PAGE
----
Greece’s decision to suspend access to its asylum process in March 2020 as a response to pressure from Turkey set a dangerous precedent for the Common European Asylum System. This has re-emerged in light of events unfolding in Poland, Lithuania, Latvia and Cyprus and of calls for amending the EU legal framework to respond to so-called “hybrid attacks”.
In a policy note published today, eight civil society organisations track the far-reaching repercussions of the March 2020 Emergency Decree suspending the Greek asylum procedure on the rule of law and the right to asylum. The Decree led to blanket detention of people in inhuman conditions, automatic deportation orders contrary to the non-refoulement principle, criminal prosecution of refugees for irregular entry, delays in access to asylum and denial of family reunification under the Dublin Regulation.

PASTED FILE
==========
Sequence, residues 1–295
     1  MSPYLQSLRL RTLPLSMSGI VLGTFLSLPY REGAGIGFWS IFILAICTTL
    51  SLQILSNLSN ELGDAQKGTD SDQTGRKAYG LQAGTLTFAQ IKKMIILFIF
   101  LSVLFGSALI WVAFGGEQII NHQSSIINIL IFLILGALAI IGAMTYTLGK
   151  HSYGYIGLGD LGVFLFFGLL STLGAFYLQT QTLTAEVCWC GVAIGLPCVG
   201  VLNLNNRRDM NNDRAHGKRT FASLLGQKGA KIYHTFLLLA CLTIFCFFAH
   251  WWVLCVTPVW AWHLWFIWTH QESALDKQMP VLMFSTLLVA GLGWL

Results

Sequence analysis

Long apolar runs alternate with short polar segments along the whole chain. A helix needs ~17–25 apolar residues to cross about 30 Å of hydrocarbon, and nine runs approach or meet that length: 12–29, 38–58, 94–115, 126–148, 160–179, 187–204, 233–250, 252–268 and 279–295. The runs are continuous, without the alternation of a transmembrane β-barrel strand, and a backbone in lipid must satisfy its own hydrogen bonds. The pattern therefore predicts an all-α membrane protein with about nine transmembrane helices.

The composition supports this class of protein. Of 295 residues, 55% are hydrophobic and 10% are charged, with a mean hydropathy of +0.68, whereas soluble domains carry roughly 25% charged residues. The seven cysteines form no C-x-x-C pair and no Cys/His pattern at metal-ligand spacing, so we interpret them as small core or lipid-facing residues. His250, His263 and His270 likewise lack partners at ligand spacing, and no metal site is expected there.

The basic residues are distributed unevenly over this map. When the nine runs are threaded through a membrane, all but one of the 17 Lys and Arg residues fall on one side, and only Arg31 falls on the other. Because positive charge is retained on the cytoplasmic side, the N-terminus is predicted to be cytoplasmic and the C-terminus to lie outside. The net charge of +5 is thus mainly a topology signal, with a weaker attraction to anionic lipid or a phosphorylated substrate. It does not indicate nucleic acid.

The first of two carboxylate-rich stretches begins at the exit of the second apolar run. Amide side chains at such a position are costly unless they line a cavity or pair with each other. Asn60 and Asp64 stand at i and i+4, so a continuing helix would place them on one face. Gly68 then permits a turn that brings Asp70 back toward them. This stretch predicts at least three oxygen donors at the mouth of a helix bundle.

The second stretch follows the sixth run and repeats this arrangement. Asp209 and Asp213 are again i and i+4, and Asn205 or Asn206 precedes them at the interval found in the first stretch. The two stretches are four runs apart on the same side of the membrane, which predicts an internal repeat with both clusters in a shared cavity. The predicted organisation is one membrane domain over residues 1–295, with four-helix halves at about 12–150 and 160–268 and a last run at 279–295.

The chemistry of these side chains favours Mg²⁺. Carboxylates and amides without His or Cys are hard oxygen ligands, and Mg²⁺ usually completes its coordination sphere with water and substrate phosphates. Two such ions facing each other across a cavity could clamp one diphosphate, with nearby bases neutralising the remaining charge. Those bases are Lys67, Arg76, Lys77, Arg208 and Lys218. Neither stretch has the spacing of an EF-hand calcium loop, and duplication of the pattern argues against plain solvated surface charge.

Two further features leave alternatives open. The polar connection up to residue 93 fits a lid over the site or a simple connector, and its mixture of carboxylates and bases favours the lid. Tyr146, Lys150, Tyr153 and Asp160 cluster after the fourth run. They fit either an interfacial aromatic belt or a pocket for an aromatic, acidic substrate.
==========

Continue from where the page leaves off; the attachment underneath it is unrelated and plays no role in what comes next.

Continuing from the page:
The organisations warn against the risks of further changes to the EU acquis in response to “instrumentalisation” and urge the European Commission to enforce existing EU asylum law through infringement proceedings